Erik Satie: Messe des Pauvres, for piano or harmonium or organ and unison voices, 1895.

Cécile Chaminade: Messe pour 2 voix égales et harmonium, Op. 167

Saturday, June 14, 2008

Good Enough

A Song for Fathers' Day, Groucho Marx, courtesy of the Internet Archive (here: mp3).

Wednesday, June 11, 2008


More than a few composers arrive at a moment when it seems useful, if not urgent, to assess their relationship to one element or another of music in a more systematic, sometimes formal way. It could be an assessment of rhythm or form or orchestration, but it's more often about pitches, and a composer's relationship to counterpoint/voice leading/harmony is not only a moment for producing teaching materials to share with others, but a moment for clarifying ones own practice and identifying resources and paths with potential for new music. For many composers, this is carried out within the context of a piece of music -- I think of Glass's Another Look at Harmony or Jo Kondo's Threadbare Unlimited (which the composer refers to as his own Harmonielehre) -- but for others, it takes the form of a written text: Schoenberg's Harmonielehre, Partch's Genesis of a Music, parts of Cowell's New Musical Resources, Charles Seeger's Dissonant Counterpoint. James Tenney's Changes for Six Harps and Klarenz Barlow's Çogluotobusisletmesi are interesting examples in which a composition and a theoretical/practical essay were produced simultaneous. Other composers who have more recently turned to major projects of the sort include Wolfgang von Schweinitz and Hans Zender.

Harmony, as a subject, is not precisely that which a scientist would identify as a theoretical discipline.* Sure, the taxonomy can be developed in a rigorous way (in fact, in many different ways), and the perception of harmonic and voice leading structures is a serious area of research in music perception and cognition, but a harmony text is more akin, in the worst cases, to an etiquette book, and, in the best cases, a cookbook, a collection of rules or recipes for describing a range of tone relationships and for replicating certain sounds or sequences thereof. There is clearly a program of taste, of aesthetics, behind every harmonic prescription. The German word that titles many a harmony textbook (and, of course, a nice work of symphonic dimensions by John Adams), Harmonielehre, captures this better than the English phrase "theory of harmony", as Lehre is teaching or doctrine as much, if not more than theory. As far as I'm concerned, the discipline of studying harmony is largely one of absorbing just enough of an existing doctrine in order to remake it -- accepting some aspects, rejecting others, introducing new concerns -- for ones own purposes. And then, as with any other form of doctrine, the greater spirits among us will proceed to ignore their own system in fascinating, productive, and yes, musical ways.
* There is an argument that harmony is only a consequence of voice leading, a view that is taken up, for example, by James Cook at Mathemusicality. Although I am personally a voice leading oriented musician, I disagree with Cook & Co. entirely: there are many ways for composers or listeners to arrive at or to hear the same piece of tonal music, and while a strong voice leading approach may be construed as more efficient or logical or less complex than a strong chordal approach, (1) I don't believe that efficiency, logic, or simplicity are always going to be the chief criteria through which we approach or should approach music, (2) there are simply too many counter-examples of fine musicians who think in terms of sequences of chords rather than simultaneous melodic lines, and (3) there are many real musical contexts in which the music succeeds precisely because the balance between vertical and horizontal is dynamic and/or ambiguous.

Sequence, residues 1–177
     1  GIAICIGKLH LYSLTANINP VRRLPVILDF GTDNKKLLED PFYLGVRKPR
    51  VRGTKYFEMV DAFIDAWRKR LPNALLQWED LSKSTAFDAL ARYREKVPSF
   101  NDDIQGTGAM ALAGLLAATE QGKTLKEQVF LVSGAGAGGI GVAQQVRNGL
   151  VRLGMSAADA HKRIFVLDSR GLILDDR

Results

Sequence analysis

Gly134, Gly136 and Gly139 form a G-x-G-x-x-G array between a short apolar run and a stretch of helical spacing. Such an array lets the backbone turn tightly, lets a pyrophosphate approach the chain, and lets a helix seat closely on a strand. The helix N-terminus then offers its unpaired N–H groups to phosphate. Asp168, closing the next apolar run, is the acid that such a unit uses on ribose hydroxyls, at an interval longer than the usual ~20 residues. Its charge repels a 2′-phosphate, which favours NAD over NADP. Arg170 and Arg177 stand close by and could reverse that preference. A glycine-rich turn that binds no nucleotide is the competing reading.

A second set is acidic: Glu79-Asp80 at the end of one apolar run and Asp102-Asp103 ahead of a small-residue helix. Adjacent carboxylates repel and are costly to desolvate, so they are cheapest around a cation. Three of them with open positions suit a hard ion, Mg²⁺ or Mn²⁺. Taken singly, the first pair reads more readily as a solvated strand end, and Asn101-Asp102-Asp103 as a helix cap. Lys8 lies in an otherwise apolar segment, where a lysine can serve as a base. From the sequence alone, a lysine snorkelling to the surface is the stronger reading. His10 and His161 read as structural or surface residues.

Tuesday, June 10, 2008

An Ex-pat's Lament

Sad news: The International Herald Tribune, the newspaper of choice for all US ex-pats lounging about without any apparent means of support in Cafes and Hotel Lobbies, waiting for a rendez-vous or practicing not being seen, has given up its dingbat. Yes, this little picture,

which in approximate form has adorned the masthead ever since Christ left Chicago, filled with iconography promising all the breadth required to cover the dynamics of a world in The American Century, has been deleted in the name of "progress".

If I were drinking, I'd raise a martini high and toss it, glass, olive & all, into the waters of the Seine, and shed a tear for a grand, if odd, little graphic, now gone away.

Monday, June 09, 2008

Arranging the Folk

Joseph Drew has a review of a new Nico Muhly album. I don't do reviews and, for that matter, stay away from most recordings, but will note that I was impressed by the recording, especially for its comfort with sounds made unapologetically rough. I share Drew's assessment that the strongest work was The Only Tune, a piece which has, as a point of departure, an arrangement of a folk song performance by Sam Amidon. In fact, Muhly has elsewhere arranged other traditional material sung and played by Amidon and -- as far as I've heard -- this seems to be territory in which he is most inventive and even, to his credit, controversial. Sometimes, with the addition of the most modest of instrumental accompaniments or studio techniques, Muhly is able to venture, with a respectable lack of caution, all along the margins and borders of the repertoires framed and framing. Amidon's vocal style is, in its own way, educated, all artifice, but cultivated from traditional vocal styles well outside standard practice art song, which makes the framed and framing relationship ever more interesting.